Best time to visit Thailand


Best Time to go


Events in Thailand

Thailand i a huge country with something to offer every kind of traveller – it’s not surprising that nearly a million Brits head here every year. You’ll find paradisiacal beaches and luxurious resorts, as well as beach-party spots and divers’ heavens, like the protected UNESCO World Heritage Site of the Similan Islands.

You can island hop by boat or stay ensconced at your all-inclusive beach resort sampling cocktails and local seafood. Inland is just as captivating, with bustling cities like the capital Bangkok, and pretty Chiang Mai and Chiang Rai in the north. You can spend your days marvelling at the intricate architecture in serene temple complexes, sampling delicious (and cheap) street food, or booking treks through protected rainforest and jungles.

Whether it’s mountains, cities and culture, jungle or the coast you’re seeking – you’ll find a dream escape in Thailand. There’s something to recommend holidays in Thailand in every season, but it’s the perfect country for winter sun, as our cold season coincides with its hot-dry season.

The Best Time to go to Thailand – Season Guide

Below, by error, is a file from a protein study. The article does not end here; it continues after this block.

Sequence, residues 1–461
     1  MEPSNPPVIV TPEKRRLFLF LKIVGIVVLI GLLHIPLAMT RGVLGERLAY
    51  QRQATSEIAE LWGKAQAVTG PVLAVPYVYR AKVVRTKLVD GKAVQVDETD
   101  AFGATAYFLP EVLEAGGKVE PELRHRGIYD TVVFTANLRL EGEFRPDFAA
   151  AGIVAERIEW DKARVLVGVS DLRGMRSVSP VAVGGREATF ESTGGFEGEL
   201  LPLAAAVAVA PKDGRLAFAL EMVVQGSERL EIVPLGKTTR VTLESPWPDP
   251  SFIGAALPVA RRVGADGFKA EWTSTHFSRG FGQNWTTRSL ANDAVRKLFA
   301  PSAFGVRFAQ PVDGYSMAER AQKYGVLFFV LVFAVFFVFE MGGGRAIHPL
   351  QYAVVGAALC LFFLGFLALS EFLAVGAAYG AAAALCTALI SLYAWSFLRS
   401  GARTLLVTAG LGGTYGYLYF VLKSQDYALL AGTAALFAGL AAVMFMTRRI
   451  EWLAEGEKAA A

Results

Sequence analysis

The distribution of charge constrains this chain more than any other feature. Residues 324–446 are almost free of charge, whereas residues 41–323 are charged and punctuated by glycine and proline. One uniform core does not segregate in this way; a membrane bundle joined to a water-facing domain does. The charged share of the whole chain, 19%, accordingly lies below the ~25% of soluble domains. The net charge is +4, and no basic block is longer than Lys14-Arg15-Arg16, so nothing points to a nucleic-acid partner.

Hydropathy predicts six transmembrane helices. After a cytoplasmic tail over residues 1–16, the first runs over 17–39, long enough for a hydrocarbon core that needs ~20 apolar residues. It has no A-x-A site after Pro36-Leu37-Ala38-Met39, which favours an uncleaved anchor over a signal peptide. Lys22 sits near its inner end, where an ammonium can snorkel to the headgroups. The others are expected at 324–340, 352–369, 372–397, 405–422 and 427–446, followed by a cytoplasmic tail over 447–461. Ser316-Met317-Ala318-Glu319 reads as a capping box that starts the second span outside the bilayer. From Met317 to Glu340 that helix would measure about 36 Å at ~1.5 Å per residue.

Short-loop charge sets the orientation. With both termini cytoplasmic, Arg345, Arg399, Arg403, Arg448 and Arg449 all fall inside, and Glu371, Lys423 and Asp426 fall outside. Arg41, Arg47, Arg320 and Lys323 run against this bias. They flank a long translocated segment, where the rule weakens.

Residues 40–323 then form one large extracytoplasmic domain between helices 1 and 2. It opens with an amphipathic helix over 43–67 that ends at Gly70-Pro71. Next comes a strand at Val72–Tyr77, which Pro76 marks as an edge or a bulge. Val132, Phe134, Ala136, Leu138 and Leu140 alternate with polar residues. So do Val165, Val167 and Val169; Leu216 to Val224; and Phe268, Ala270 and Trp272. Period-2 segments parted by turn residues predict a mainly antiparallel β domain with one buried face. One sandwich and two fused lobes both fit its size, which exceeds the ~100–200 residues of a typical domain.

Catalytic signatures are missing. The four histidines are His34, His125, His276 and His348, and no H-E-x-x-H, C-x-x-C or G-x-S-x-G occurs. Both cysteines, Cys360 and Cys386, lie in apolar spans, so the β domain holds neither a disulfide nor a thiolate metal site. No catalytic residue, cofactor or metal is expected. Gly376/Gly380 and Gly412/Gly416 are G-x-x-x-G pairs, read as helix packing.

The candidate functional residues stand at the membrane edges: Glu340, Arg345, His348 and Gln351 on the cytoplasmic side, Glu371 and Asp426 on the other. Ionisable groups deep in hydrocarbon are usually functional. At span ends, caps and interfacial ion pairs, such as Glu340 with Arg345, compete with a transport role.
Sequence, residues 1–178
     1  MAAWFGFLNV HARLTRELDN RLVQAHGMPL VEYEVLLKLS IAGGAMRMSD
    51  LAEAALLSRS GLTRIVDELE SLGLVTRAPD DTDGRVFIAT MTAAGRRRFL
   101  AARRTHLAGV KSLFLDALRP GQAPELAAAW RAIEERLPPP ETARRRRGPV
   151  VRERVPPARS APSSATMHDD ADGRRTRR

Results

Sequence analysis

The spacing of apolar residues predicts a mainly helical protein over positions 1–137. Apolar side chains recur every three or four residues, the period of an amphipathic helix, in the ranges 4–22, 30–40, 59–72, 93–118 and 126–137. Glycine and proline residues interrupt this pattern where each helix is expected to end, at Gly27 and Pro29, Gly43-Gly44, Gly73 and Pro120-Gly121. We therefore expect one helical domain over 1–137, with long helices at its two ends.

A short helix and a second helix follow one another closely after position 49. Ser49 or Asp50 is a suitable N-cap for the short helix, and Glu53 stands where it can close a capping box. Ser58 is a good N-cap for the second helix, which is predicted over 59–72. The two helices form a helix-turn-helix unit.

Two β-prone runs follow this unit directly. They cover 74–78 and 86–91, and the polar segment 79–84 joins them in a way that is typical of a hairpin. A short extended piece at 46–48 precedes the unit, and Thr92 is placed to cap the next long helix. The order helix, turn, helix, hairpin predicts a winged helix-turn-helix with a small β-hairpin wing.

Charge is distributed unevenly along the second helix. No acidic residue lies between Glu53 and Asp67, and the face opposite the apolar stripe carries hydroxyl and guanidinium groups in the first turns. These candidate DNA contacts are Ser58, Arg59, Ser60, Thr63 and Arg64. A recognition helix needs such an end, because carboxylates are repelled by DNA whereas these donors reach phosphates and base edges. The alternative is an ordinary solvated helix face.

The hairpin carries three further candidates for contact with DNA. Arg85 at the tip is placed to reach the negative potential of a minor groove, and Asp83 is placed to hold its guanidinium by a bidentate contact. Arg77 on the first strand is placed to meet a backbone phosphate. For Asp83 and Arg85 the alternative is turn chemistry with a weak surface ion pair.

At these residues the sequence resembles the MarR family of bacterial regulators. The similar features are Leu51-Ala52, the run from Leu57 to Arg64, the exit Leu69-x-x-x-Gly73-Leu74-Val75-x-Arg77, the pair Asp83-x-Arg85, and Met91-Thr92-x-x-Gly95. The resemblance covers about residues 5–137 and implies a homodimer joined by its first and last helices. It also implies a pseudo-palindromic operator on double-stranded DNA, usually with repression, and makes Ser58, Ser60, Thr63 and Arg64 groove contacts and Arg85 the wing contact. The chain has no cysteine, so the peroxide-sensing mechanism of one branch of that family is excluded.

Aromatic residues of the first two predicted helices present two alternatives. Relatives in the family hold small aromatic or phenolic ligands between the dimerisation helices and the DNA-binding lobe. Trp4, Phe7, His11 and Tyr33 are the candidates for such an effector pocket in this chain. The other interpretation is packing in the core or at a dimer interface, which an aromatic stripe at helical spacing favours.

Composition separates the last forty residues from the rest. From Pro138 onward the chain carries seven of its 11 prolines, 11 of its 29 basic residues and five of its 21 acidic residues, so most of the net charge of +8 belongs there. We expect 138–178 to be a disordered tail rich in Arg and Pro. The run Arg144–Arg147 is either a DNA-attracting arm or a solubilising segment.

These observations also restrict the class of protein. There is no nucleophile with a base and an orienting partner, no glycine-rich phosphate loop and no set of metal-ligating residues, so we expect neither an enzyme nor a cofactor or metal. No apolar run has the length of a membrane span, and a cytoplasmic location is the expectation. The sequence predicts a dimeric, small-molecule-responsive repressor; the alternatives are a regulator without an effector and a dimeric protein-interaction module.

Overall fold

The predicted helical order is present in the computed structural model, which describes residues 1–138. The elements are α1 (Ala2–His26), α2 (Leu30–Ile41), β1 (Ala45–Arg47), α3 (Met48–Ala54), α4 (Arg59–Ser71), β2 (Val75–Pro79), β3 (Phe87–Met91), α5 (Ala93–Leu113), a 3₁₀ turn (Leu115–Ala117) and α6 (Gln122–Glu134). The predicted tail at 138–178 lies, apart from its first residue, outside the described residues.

High season in Thailand

Perhaps the best time of year to visit Thailand is during our winter. High season here – the warmest and driest part of the year – is from November to February, promising a cheerful dose of vitamin D during European winter.

In November, the rain starts to taper off, and the west of the country averages seven hours of sunshine and temperatures of 27⁰C. December is widely considered the best time to visit Thailand, with almost no rainfall, long, sunny days and very low humidity too. Average temperatures on the Andaman coast are around 26⁰C, in Bangkok it’s around 27⁰C and, in northern Thailand, temperatures range from 28⁰C in the day to 15⁰C in the evenings.

January and February are both dreamy months right across the country. If you fancy slightly cooler temps but plenty of sunshine, make a beeline for the north, while Phuket and Khao Lak on the west coast are ideal for beach breaks. Koh Phi Phi and the Surin and Similan Islands all boast phenomenal diving and snorkelling conditions at this time of year.

Shoulder season in Thailand

March and April are actually Thailand’s hottest months, so you’d expect them to be peak season. However, as temperatures soar to 35 and 40⁰C with very little rain, it can be too hot for some holidaymakers. March is ideal for beach holidays and snorkelling and diving is still very good (sea temperatures reaching 29⁰C). The humidity creeps up in April and the days may be punctuated with short showers – the rain heads to the west coast first. Crop burning in Northern Thailand reaches its peak levels in March and April, meaning air in Chiang Mai can sometimes become quite polluted, so many people prefer to explore the south, the coast and Bangkok. This is also the best time to go to Thailand and visit the Khao Sok National Park; the rainforest is teeming with wildlife at this time and you have a good chance of spotting favourites.